COVID-19 Vaccine: Facts versus myths from local health experts

COVID-19 Vaccine: Facts versus myths from local health experts

COLUMBUS, Ga. (WTVM) - The COVID-19 vaccine has encountered some roadblocks and hesitancy.

A lot of this “vaccine hesitancy” is coming from people who are worried about how quickly these COVID-19 vaccines have been pushed out, which is creating a whirlwind of assumptions on social media.

“I think there is some fear with it,” said Elizabeth Lovell, director of pharmacy at St. Francis-Emory Healthcare.

The push to vaccinate has certainly raised some questions from skeptics. WTVM wanted to take some of those to local experts for answers.

Local health experts like Dr. Joe Kaplan at Acute Care Emergence (ACE) in Columbus said perhaps the most common concern is that taking one of the vaccines will infect you with the virus, but this is false. The vaccines do not contain a live virus but instead are mRNA vaccines.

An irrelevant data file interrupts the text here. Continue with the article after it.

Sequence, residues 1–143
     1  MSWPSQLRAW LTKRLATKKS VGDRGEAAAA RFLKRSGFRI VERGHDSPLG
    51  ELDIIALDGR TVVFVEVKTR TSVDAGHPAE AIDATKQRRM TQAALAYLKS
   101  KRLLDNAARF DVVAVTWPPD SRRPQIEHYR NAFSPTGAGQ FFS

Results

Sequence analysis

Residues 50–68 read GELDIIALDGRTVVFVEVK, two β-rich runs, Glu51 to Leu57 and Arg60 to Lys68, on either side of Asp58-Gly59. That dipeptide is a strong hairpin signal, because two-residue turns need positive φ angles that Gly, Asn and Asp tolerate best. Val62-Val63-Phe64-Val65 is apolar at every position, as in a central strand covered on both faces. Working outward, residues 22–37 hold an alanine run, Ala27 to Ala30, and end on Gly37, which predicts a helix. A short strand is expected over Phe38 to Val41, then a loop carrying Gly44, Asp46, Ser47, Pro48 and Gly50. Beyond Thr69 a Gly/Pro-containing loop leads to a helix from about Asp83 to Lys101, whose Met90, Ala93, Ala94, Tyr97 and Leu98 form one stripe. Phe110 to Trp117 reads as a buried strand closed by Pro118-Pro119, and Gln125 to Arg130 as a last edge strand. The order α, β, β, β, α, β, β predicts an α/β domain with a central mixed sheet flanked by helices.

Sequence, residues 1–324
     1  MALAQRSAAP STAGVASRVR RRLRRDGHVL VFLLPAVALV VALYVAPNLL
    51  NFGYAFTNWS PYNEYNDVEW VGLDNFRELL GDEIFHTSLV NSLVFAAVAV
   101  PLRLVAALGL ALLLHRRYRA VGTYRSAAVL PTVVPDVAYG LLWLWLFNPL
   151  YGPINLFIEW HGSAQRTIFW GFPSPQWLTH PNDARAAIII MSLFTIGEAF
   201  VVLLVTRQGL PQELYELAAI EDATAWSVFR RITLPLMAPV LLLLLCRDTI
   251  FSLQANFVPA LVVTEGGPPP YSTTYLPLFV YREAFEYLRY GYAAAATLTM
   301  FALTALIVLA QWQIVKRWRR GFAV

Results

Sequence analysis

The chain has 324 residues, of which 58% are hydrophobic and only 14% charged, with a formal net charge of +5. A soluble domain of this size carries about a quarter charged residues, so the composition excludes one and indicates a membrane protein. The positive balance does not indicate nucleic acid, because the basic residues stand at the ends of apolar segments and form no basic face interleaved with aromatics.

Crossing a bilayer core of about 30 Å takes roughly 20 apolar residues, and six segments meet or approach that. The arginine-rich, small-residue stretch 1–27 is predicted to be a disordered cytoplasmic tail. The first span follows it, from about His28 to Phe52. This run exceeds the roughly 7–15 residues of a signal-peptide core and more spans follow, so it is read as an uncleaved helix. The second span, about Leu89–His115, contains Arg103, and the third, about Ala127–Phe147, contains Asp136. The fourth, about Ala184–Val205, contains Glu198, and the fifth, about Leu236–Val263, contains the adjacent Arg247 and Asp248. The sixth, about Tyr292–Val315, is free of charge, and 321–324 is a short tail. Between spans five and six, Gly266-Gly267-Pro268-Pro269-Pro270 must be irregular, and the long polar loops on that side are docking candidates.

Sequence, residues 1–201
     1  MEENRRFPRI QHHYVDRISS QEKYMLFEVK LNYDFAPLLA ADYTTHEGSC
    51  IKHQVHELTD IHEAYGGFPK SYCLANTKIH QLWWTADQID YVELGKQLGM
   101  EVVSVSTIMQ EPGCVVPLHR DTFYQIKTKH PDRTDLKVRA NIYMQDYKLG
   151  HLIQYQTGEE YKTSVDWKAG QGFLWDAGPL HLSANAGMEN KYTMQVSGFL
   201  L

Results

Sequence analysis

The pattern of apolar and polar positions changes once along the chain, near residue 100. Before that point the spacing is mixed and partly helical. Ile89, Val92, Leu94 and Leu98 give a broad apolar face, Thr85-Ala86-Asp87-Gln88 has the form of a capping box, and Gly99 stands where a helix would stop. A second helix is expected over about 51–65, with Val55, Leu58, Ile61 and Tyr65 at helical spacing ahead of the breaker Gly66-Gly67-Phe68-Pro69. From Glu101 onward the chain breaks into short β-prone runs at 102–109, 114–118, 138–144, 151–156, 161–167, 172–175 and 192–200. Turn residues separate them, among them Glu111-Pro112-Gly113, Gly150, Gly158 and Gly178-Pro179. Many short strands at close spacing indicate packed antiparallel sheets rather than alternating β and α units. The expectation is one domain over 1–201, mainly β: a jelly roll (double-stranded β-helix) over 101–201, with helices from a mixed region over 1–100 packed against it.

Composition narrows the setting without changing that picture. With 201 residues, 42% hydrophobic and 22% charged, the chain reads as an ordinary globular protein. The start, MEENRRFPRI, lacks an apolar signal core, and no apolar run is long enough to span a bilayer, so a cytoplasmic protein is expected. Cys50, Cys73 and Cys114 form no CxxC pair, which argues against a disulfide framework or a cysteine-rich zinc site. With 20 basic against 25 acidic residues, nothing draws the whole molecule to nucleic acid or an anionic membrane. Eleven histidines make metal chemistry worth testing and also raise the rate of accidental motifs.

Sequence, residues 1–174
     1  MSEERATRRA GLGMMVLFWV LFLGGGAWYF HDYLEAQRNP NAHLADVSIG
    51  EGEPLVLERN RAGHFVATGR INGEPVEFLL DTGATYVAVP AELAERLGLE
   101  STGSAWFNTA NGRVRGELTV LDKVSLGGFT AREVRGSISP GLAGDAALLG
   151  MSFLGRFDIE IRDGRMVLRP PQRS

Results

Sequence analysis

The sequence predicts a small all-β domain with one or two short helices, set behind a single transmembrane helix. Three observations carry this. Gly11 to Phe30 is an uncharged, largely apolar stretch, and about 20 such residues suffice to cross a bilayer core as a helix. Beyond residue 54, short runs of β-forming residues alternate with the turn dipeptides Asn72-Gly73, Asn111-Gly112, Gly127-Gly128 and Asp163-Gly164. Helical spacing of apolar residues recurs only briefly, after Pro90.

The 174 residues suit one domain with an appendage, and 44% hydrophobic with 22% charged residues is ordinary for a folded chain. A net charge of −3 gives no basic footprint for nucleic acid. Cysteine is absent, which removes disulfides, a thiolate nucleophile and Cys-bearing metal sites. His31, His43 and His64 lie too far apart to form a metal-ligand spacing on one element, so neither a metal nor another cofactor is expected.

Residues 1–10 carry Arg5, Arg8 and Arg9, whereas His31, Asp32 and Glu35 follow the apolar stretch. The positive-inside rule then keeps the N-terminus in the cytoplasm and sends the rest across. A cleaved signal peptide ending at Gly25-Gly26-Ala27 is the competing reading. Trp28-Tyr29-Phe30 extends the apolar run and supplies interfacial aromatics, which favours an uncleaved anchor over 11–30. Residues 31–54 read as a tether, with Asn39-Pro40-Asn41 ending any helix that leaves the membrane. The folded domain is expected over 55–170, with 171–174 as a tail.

“When people do not understand, they will come up with all kinds of things,” said Kaplan. “It is an mRNA vaccine, messenger vaccine. “The minute you say mRNA, everyone thinks it gets into your genome, into the nucleolus of your cell and changes you, kind of like the avengers and wolverine. But this is simply not true.”

Another vaccine myth is that the side affects are unbearable.

“They are not any worse than any other vaccine. You’re looking at slight fever, some chills, possibly a headache,” Lovell said.

One assumption about the vaccines is that you can stop wearing a face mask and practicing social distancing.

This too is false. Vaccines do not stop the coronavirus from entering your body; they only prevent you from developing moderate to severe COVID-19.

“People do need to get their information from the experts, not their friend’s girlfriend on Facebook,” said Pamela Kirkland, with the Columbus Health Department.

Health experts say the best advice is to source information and do the research from verified health resources.

Even if you have recovered from the virus, the Centers for Disease Control and Prevention recommends that you should still get the vaccine since reinfection is possible.

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